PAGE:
Pierre Menard and Jack Malik


I very much enjoyed the new film Yesterday, a romantic comedy with a crudely drawn science-fiction premise — What if The Beatles never existed, but one lone musician still remembered their songs — but I felt disappointed at how philosophically tame it was. At various points perplexing questions are raised about the authorship of the Beatles songs in this alternative reality.

One of my favourite short stories is Borges’s “Pierre Menard, Author of the Quijote“. In Borges’s best pseudo-academic prose it recounts the life of French author Pierre Menard, whose most important (and least known) works are “chapters nine and thirty eight of the first part of Don Quijote, and a fragment of chapter twenty-two”. The life project of Menard, it seems, was to write a modern Don Quijote. Not to write a new version of the novel, and not to copy the original, but to write the same novel, from a modern perspective. That is, he wants to lead himself, through his intellectual and life experience, to write the same words that Cervantes wrote three and a half centuries earlier. The narrator then proceeds to analyse Menard’s Quijote, and compare it to Cervantes’s version. The (very serious)’ joke is that the words are identical, but the interpretation is radically different, because of the context in which the words are being written.

Occasionally this comes up, at least in a jokey way. When Jack headlines a concert in Moscow, and pulls out Back in the USSR, his patron Ed Sheehan remarks on how interesting it is that he refers to the political structure of Russia before he was born. But that is presented as just an awkward moment, that passes. (No mention is made of the more inexplicable first line of the song “Flew in from Miami Beach BOAC“.) Similarly when he is asked to explain the personal history behind “Hey, Jude”. But then there is his “research trip” to Liverpool, where he visits Strawberry Fields, Penny Lane, and the grave of Eleanor Rigby. He is observed by two mysterious characters, who later reveal themselves to have also somehow retained the memory of The Beatles, and who express their approval: “You can’t write about what you haven’t experienced.” There might have been a Pierre Menard moment there, where Jack finally writes Strawberry Fields, not out of his memory, but out of his new inspiration.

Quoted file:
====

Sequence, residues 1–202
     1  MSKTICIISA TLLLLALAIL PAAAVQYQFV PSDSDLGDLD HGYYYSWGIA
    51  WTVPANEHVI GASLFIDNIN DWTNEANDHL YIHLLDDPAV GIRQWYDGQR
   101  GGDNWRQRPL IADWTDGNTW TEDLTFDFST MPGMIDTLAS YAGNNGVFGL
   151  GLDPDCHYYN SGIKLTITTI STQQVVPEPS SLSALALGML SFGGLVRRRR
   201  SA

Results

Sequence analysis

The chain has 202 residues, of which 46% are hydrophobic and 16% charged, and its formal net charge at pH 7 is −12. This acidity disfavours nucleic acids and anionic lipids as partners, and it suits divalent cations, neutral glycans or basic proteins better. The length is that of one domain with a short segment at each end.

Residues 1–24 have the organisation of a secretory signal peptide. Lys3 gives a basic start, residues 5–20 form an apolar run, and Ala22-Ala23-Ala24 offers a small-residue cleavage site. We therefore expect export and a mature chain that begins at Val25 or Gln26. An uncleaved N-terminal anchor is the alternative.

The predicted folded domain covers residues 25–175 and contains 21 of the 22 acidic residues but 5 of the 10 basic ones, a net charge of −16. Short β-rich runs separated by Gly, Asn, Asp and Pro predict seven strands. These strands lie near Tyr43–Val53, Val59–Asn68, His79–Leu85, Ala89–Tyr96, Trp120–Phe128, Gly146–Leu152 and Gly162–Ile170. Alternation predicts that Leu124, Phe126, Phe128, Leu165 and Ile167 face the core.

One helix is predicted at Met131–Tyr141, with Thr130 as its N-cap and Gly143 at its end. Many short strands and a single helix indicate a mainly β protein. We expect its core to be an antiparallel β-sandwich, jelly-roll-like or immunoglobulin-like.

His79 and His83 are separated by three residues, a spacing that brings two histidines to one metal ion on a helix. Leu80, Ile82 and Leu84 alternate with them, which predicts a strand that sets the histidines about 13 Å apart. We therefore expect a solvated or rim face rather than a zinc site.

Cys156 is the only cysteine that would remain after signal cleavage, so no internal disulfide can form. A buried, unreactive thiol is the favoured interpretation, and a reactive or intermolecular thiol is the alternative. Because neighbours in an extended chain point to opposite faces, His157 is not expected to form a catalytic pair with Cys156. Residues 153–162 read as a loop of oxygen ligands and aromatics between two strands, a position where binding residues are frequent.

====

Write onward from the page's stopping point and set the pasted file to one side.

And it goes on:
But it is not to be. This is really a romantic comedy, and secondarily a nostalgic wallow in Beatles tunes, not a Borgesian philosophical fiction. Jack is never anything but persistently literal-minded about the alternate reality, even though it would be perfectly sensible for him to see The Beatles as fictional characters in his mind, through whom the inspiration for songs is being transmitted to him. He never really forgets his audience in our reality, so he is limited in his ability to wander.

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